How to Dice an Onion With a Box Grater

My confession of the hour is that I almost never dice onions. I know how to dice an onion, and I have a sharp knife that’ll get the job done, but I find it…pretty tedious? Mind-numbingly boring? A hard-to-justify time suck? Oh, I’m being dramatic? Maybe so, but the closest I get to “dicing” is roughly chopping.

But as much as it pains me to admit it, there are times when roughly chopping just won’t do. If you’re looking for super-tender bits that melt away into the sauce for shrimp scampi pasta or disintegrate into soffritto for minestrone—it is important that the onion be in tiny pieces that will cook quickly, evenly, and all the way through.

So I was thrilled to see that Sohla El-Waylly understood—and accommodated—my laziness. In her new recipe for Fideos With Chicken Thighs and Kale, she doesn’t ask you to dice an onion (hoorah!): Instead, she has you shred it to bits on a box grater. In a mere matter of seconds, the large holes of the grater turn an intact onion half into a pile of scraps. The pieces are a little uneven, sure, but it’s nothing a quick run-through with your knife won’t fix. The box grater strikes again, as if we didn’t already know that the trusty old tool isn’t a one-trick pony.

This technique (permission to call it a “hack” please???) is game-changing. Not only is it much faster than dicing, but it also goes one step further in breaking down the onion and exposing its watery insides, meaning that it will get even jammier and softer as it cooks.

So the next time a recipe calls for dicing an onion (or even a shallot!), put down your knife and try your box grater instead. Your stuffing, collard greens (can you tell I’m in the Thanksgiving mindset?), and dal will not suffer—and you will surely benefit.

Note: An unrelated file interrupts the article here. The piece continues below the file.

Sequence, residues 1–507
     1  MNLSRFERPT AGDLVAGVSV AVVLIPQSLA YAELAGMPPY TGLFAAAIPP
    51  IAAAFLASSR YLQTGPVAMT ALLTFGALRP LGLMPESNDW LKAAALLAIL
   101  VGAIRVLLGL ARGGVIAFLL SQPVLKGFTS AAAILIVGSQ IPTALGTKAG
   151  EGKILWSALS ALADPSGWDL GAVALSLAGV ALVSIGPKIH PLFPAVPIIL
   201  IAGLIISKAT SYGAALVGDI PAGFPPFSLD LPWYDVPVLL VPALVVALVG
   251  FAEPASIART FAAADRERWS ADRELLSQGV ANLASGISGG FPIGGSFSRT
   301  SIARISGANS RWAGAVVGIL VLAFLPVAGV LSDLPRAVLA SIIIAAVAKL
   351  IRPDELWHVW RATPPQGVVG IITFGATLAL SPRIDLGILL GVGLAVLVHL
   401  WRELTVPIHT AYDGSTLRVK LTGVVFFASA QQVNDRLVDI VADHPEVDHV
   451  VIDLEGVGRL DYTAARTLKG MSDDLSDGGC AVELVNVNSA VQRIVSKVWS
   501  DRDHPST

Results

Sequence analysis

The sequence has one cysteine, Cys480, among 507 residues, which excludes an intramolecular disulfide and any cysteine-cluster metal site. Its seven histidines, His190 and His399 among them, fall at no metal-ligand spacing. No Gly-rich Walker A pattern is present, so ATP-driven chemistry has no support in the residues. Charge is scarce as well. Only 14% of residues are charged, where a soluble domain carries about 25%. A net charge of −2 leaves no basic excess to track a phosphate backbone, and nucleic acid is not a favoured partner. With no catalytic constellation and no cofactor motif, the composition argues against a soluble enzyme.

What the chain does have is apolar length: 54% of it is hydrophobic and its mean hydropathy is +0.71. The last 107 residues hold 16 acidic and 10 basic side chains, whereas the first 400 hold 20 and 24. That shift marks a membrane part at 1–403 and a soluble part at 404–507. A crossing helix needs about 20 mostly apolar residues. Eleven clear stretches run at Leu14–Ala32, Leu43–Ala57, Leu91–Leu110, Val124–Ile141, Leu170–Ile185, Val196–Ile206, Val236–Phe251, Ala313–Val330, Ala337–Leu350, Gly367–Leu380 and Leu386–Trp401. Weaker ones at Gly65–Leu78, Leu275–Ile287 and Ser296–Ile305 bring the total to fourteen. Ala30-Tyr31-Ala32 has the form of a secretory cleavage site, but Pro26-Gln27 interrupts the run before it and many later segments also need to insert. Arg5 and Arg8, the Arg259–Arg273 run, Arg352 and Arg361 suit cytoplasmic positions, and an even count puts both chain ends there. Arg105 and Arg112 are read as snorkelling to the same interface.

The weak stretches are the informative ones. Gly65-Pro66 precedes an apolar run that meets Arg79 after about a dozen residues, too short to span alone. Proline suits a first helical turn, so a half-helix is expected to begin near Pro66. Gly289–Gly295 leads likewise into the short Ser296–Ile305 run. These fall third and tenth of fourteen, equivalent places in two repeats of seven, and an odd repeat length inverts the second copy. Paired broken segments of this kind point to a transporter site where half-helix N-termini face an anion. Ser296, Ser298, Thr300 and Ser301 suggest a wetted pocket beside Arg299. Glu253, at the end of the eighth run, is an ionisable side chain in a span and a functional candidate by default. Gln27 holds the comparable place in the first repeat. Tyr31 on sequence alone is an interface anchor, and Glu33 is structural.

Okay, this is the part of the story where I say something about how great graters are, I think. But instead, I’m just going to leave you with this recipe:

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Fideos With Chicken Thighs and Kale

With a crispy top hiding a layer of jammy, tomato-y noodles, this one-skillet meal is anything but one-note. There’s flavor at every stage. After you’ve rendered the fat from the chicken thighs, you’ll use that schmaltz to sauté the fideos (that’s Spanish for “noodles”). This technique not only gives the pieces of thin, broken pasta a nutty taste, but it also crisps them up so that they’re able to withstand the heat of the oven and absorb the slow-cooked onion, garlic, and tomato paste mixture (a.k.a. your soffritto). The not-so-secret secret ingredient is the anchovies: You won’t be able to pick them out of the crowd, but if you skip them, you’ll miss the salt and umami. 

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